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|Visual Localization System for Fire Brigade Using BIM Technology|
Visual Localization System for Fire Brigade Using BIM Technology
By Paula Smyczek, Faculty of Fire Safety Engineering; Piotr Tofilo, Section of Construction Safety; Adam Krasuski, Section of Computer Science, Main School of Fire Service, Warsaw, Poland
This article describes a research proposal that has been awarded the 2017 Chief Donald J. Burns Memorial Research Grant by the SFPE Foundation through a partnership with Bentley Systems. The initiative will further develop the Main School of Fire Service’s existing research to develop a system that uses simple radio beacons attached to existing smoke detectors, which uses BIM technology to allow calculation of firefighter locations in a building.
This article contains a description of the proposed research project, which focuses on the visual localization system for fire brigade using radio beacons, acceleration measurements and Building Information Modeling (BIM) technology. Reliable information about the location of firefighters in the building is vital for safe firefighting operations since it provides increased level of awareness for commanding officers who then can use available staff safely and more efficiently.
Current State of Research
The proposed system uses localization devices— radio beacons and receivers—and acceleration measurements to provide the exact location of each firefighter in a building. Radio beacons are simple electronic devices that can be attached to existing smoke detectors. The signal from beacons and the acceleration measurement is used to calculate the position of the firefighter equipped with measurements. Current real-time positions of firefighters can be presented to the commanding officer and remote command centers using a web interface and wireless connection. The key part of the visualization system is BIM technology, which provides visual context with floor layouts and important relevant information about the building.
The system includes:
The visual localization system for a fire brigade is used for determining and reporting the position of firefighters in real time in the building during a rescue and firefighting action. For this purpose, the system included radio beacons installed in the building (with a density of one or two beacons per room, coinciding with the density distribution of fire detectors). Changes in the propagation of the radio signal strength (RSSI) are measured and then adapted to the current readings to determine the most probable position. The navigation technology inside the building is achieved through the use of dead reckoning, which consists of estimating a traveled path from a known position (in this case, the GPS data collected by the building). The position is corrected by readings and radio fingerprinting techniques.
Figure 1: Mounted radio beacon
Figure 2: Radio beacons Figure 3: Radio receiver
The system consists of two elements:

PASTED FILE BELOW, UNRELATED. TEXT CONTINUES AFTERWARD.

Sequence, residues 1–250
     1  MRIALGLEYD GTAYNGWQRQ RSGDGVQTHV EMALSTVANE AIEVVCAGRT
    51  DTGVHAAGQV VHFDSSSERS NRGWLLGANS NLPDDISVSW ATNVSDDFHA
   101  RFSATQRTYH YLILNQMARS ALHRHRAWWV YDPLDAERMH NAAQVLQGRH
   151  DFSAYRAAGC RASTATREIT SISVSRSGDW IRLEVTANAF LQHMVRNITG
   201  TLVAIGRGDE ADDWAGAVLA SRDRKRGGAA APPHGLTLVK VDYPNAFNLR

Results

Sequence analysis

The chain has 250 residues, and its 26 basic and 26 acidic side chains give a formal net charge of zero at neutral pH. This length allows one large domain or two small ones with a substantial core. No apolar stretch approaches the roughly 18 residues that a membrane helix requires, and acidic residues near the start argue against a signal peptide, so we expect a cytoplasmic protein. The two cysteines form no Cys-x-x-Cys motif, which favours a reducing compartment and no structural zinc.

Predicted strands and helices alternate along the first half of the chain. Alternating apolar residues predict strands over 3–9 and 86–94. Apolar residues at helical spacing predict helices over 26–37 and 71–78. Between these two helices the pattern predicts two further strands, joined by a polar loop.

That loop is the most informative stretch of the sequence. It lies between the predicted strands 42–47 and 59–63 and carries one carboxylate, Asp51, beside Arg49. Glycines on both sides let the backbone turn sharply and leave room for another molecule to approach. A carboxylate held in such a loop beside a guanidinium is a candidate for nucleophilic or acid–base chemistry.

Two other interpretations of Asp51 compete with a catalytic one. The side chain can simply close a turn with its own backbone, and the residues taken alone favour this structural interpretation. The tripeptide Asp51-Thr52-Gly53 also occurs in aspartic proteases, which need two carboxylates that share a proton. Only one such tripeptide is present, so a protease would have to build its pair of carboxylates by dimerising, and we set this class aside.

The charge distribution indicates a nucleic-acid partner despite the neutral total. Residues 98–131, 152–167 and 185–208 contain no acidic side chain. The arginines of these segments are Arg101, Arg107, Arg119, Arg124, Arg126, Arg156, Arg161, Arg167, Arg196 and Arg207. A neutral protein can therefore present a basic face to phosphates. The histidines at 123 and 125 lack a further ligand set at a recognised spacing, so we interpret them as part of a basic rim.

To adapt a building to a positioning system, it is necessary to provide for radio beacons in the building and collect radio fingerprinting. This consists of recording the signal strength in known positions and creating the artificial neural network based on the training exercise (such as the process illustrated in Figure 4).
The data is processed in real time by a data acquisition unit integrated with clothes and transmitted to the module ICRA by radio. From there, the firefighters are getting into the system and are visualized by their commander. Their position is determined by geographical coordinates. The system operates only in the building, in the open area using the GPS receiver.
Figure 5: The position of firefighter.
Thus far, the localization system ICRA works in principle, but it has weaknesses in terms of precision of localization for both types of localization devices—radio beacons/receivers and accelerometers. The problem appears as fluctuation of the firefighter position, which is serious, because it sometimes leads to situations where a firefighter may be temporarily in a different room or sometimes on a different floor from what is shown. For practical purposes, such lack of precision may lead to bad decisions. Thus, there is a need to combine readings from both sources to increase the precision of localization. This requires developing dedicated algorithms that will use various approaches to stabilize the location of the firefighter, including probabilistic assessment of various events such as a sudden change of position or using BIM data to reduce the probability of unlikely situations such as passing through the wall or through the floor.
The plan for further research includes:
The ability to localize firefighters precisely in a building during their activities would be a huge achievement. The results of this research will contribute to:
The proposed research will be carried out within the stated timeframe and a presentation about the project will be submitted to the 2018 SFPE North America Conference and to the official SFPE journal, Fire Technology, for possible publication.